HMA/Moran analysis: CMS’s 2.8 percent increase is largely based on an estimate of the rate of increase in the cost of a standard basket of hospital goods, the hospital market basket. For beneficiaries, increasing payment rates will eventually lead to a higher standard Medicare inpatient deductible and increased beneficiary out-of-pocket costs for many other services. For hospitals and health systems, payors, and manufacturers the proposed payment increase (2.8 percent) falls below economy-wide inflation (5-6 percent in recent months) and hospitals are already saying it is insufficient.[1] For this Proposed Rule, data from the third quarter of 2022 was used to calculate the 2.8 percent increase. Importantly, for the FY 2024 Final Rule, CMS will use data through the first quarter of 2023, which we know to include additional growth in economy-wide inflation. As a result, we anticipate the proposed 2.8 percent increase in payment rates may increase slightly by the time rates are finalized later in the year.

2. Hospital Wage Index Adjustments:

Proposed Rule: CMS proposes two wage index policies for FY 2024. First, CMS proposes to continue temporary policies finalized in the FY 2020 IPPS/LTCH PPS final rule to address wage index disparities affecting low-wage index hospitals, which includes many rural hospitals. Second, CMS proposes to include geographically urban hospitals that choose to reclassify into rural wage index areas in the calculation of state-level rural wage index and the calculation of the state-level wage index floor for urban hospitals (referred to as the rural floor policy).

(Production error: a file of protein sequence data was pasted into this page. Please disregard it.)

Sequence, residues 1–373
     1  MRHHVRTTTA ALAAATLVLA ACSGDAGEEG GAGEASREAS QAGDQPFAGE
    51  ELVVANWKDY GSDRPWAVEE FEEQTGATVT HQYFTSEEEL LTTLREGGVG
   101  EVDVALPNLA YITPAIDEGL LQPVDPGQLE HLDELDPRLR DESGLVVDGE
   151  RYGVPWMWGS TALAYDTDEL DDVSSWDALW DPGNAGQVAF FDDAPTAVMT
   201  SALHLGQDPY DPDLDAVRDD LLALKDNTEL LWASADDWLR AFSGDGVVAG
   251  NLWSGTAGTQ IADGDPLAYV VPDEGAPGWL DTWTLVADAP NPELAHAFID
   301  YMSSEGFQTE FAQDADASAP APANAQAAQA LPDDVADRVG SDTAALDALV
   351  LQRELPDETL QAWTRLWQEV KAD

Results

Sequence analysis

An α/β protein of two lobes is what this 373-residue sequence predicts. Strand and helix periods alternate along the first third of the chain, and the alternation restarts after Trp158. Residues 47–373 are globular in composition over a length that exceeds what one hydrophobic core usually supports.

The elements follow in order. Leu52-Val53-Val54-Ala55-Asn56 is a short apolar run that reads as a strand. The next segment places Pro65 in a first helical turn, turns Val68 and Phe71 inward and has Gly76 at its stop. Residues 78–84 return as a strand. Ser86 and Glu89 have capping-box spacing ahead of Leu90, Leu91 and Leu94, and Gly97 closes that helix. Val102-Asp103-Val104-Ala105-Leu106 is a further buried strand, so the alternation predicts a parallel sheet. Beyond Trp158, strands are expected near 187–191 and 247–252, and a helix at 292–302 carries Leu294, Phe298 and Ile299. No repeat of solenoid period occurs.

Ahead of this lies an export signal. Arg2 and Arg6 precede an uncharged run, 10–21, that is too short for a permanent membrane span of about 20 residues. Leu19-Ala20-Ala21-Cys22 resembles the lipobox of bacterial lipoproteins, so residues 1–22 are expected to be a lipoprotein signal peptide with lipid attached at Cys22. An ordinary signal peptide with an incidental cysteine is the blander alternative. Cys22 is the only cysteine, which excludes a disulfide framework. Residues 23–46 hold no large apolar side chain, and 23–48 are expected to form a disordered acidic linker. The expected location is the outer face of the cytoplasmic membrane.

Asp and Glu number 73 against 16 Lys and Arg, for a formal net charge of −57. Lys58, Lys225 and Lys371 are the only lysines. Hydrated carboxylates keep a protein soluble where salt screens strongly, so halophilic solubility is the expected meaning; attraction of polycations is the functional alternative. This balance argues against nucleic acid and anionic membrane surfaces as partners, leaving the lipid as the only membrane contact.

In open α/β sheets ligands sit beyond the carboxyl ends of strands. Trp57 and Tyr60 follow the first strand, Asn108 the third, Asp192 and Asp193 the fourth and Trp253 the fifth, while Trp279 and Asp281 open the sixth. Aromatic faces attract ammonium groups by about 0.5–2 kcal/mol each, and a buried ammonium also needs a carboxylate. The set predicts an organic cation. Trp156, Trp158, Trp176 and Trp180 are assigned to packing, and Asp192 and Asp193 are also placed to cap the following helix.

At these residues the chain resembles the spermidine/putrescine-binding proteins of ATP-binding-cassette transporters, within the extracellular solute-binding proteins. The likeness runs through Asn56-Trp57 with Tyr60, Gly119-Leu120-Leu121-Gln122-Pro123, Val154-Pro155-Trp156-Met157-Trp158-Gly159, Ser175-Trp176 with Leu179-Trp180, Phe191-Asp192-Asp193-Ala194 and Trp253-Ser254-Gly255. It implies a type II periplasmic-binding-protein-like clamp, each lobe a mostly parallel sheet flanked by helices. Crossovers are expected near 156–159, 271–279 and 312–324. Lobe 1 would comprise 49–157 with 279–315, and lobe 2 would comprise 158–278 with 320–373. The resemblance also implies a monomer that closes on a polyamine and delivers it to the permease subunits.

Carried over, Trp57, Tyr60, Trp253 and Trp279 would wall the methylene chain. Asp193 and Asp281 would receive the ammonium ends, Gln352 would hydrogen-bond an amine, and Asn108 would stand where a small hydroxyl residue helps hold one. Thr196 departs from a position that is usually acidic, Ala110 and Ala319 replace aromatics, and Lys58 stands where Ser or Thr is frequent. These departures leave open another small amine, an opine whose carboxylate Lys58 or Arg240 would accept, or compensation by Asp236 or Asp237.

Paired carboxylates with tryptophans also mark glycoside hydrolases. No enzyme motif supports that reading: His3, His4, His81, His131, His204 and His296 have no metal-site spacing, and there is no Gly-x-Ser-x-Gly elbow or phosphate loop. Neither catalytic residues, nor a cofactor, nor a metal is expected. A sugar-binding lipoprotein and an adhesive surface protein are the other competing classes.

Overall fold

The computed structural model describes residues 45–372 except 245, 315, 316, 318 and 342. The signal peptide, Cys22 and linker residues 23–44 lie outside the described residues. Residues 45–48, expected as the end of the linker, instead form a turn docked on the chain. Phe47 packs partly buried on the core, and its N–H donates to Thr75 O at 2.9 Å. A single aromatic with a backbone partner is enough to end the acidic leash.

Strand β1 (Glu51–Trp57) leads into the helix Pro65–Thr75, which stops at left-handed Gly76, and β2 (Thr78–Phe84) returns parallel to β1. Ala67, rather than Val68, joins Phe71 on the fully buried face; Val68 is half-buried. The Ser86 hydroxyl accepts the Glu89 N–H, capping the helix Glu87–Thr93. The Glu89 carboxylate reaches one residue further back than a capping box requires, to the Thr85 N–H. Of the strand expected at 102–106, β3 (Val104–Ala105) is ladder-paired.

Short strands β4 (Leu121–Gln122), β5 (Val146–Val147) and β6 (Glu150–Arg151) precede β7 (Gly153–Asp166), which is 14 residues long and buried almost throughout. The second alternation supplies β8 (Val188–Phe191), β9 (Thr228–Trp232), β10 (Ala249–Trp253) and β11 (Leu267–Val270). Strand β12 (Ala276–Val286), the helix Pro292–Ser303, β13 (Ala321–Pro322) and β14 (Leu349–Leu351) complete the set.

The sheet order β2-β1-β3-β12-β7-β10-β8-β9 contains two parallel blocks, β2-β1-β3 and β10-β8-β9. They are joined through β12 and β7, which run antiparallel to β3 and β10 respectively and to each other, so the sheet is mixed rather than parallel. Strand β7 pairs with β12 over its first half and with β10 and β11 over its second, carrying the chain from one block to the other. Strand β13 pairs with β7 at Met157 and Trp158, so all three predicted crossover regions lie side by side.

HMA/Moran analysis: The two wage index policies proposed by CMS for FY 2024 will support rural hospitals. The first policy, to continue the low-wage index policy for an additional year beyond the original 4-year plan will allow hospitals with low wage indexes to boost their wage index and their payment rates across all MS-DRGs. Specifically, hospitals with wage indexes below 0.8615 (the 25th percentile across all hospitals) will automatically receive an increase in their wage index by CMS. This policy will bring additional millions of dollars to individual rural hospitals in FY 2024. The second policy, to include the labor data of geographically urban hospitals that choose to reclassify into rural wage index areas within the calculation of the state-level rural wage index and the state-level rural floor will largely benefit rural hospitals. In recent years several large geographically urban hospitals in several markets have chosen to reclassify into rural wage index areas to benefit their Medicare payments. In the past, CMS has not included the labor costs of these hospitals, which tend to have higher than average labor costs in their calculation of the state rural wage index or the rural floor wage index. In making this change, to include the labor costs of the geographically urban hospitals in these calculations, CMS will very likely increase the state-wide rural wage index. This will have the effect of increasing the wage index of many rural hospitals around the country. The overall impact of both proposed wage index policy changes for FY 2024 will be to increase inpatient payment rates to rural hospitals.